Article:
Radio Times TV and entertainment review of the year – part four

Here we go - it's the final instalment... October, November and December



David Attenborough’s landmark documentary, Frozen Planet, began on BBC1. It had all the breathtaking scenery and fascinating animal action we have come to expect from these large-scale documentaries. It was not without its controversies, though, and the BBC later denied allegations that placing footage of animals in captivity among shots in the Arctic was designed to mislead viewers.

The Apprentice was on our screens again, but this time with teenagers taking on Lord Sugar’s challenges. They coped admirably and their successes made us all feel suitably humbled. Award-winning cult science-fiction show Misfits also returned for its third successful series on Channel 4.

Gritty drama Top Boy portrayed the violent reality of Britain’s underprivileged, drug-ridden subculture. Channel 4 seemed to tap into people’s curiosity about what had led to the August riots and the series was a success.

Apple founder Steve Jobs lost his long-running battle with cancer. His name, the iPad 2 and yet-to-be-announced iPhone 5 became three of the most searched queries on Google this year.

The nation said goodbye to one of its entertainment greats, Sir Jimmy Savile, who died aged 84 at his home in Leeds.

The news continued to keep us hooked to our televisions. This month saw the toppling and murder of Libyan leader Muammar Gaddafi. An image of his body was taken on a mobile phone and was quickly circulated on social media sites.  The BBC were criticised for showing graphic images in early-evening news broadcasts.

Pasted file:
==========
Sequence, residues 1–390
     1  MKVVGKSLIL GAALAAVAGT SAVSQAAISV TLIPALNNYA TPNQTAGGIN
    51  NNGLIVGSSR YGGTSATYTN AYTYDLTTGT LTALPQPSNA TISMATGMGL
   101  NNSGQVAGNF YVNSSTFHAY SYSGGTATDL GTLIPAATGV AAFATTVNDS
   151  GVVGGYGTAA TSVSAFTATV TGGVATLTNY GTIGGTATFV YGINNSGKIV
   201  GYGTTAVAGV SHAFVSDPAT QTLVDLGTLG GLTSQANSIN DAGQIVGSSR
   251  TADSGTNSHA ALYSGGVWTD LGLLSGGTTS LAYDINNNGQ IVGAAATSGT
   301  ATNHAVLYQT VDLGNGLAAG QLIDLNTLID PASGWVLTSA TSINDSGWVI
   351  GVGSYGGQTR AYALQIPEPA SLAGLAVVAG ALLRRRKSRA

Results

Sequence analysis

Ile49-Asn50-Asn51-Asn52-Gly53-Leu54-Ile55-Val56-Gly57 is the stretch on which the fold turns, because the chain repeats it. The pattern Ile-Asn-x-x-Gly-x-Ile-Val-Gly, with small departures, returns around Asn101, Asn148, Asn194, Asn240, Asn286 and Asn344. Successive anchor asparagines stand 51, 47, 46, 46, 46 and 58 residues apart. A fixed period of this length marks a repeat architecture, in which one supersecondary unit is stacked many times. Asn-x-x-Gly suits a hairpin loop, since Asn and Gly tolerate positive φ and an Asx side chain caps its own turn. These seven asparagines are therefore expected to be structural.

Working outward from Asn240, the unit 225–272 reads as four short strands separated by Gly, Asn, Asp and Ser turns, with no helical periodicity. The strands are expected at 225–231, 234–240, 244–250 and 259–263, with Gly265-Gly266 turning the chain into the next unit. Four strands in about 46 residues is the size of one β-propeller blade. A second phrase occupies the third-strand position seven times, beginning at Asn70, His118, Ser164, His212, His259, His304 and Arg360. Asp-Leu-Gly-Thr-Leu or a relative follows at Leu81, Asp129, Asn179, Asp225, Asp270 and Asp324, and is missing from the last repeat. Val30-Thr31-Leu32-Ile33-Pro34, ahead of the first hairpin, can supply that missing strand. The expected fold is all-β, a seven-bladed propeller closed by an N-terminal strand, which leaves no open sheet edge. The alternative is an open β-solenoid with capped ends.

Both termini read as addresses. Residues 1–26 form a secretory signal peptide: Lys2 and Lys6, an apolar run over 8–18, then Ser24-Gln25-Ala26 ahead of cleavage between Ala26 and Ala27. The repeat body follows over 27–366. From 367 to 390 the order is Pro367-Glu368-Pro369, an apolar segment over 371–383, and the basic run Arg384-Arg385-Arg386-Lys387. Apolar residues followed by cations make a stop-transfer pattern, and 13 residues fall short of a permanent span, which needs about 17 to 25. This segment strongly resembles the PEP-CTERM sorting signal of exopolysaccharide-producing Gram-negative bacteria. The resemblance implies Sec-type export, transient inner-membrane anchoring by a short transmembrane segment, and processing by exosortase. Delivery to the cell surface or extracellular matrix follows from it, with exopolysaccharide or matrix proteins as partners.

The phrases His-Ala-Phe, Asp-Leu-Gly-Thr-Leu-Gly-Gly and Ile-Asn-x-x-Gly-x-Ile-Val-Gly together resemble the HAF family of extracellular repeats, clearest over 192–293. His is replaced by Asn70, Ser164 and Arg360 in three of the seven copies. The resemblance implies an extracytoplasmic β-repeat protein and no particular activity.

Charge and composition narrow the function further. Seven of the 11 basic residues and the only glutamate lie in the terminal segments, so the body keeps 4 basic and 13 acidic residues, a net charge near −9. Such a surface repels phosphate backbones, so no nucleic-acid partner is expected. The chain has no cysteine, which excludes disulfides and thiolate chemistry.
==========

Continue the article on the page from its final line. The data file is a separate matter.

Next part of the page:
Life’s Too Short began on BBC1, written by Ricky Gervais and Stephen Merchant and starring Hollywood’s “go-to dwarf”, Warwick Davis. “If The Office reflected those quaint docu-soaps of the 1990s with normal people getting their 15 minutes of fame,” Gervais told RT, then Life’s Too Short “is reflecting the modern documentary that follows D-list celebs living out every second of their lives in front of a camera.” Viewers either loved it or hated it and a second series has been confirmed.

The X Factor’s tousle-haired rock fiend Frankie Cocozza was given the boot after breaking some of the show’s suspiciously unspecific “rules”, sending the media into a frenzy and injecting some much needed drama into this year’s contest.

Everyone’s favourite choirmaster, Gareth Malone, brought music to our living rooms once more with The Choir: Military Wives. Their song, Wherever You Are, has become the fastest selling single in six years and made it to the coveted Christmas number one spot.

Hit US drama series Pan Am (billed as Mad Men on a plane) came to BBC2. Despite the nation’s obsession with glamorous period pieces, it failed to win the large audiences it was expected to attract.

I’m a Celebrity… Get Me Out of Here! returned to ITV with its usual blend of eclectic celebrities and disgusting insect-based challenges. Drama erupted as Freddie Starr was forced to leave after seeking medical advice and Peter Andre returned to the show – but only to set a challenge.  It was eventually won by McFly bass player Dougie Poynter, who was run close by The Only Way Is Essex favourite, Mark Wright.


Strictly Come Dancing reached its conclusion this month with another victory for McFly. This time it was drummer Harry Judd waltzing into first place after 14 weeks of blisters, bruises and ballroom tantrums.

The X Factor also declared its winners this month – manufactured girl band Little Mix beat Marcus Collins and released a cover of Damien Rice’s Cannonball. The quartet made it to number one the week after the live final but couldn’t hold the position to beat off the Military Wives in the race for Christmas number one.

Steven Moffat announced this month that Karen Gillan and Arthur Darvill (Amy Pond and Rory Williams) will be leaving the Tardis in the next series of Doctor Who.

Jeremy Clarkson put his foot in it once again as he said on The One Show that all public sector strikers should be shot. The BBC received more than 30,000 complaints, but director-general Mark Thompson refused to sack him, saying: “Clarkson’s remarks were absolutely and clearly intended as a joke.”

Read Radio Times’s TV and entertainment review of the year – part one

Read Radio Times’s TV and entertainment review of the year – part two


Read Radio Times’s TV and entertainment review of the year – part three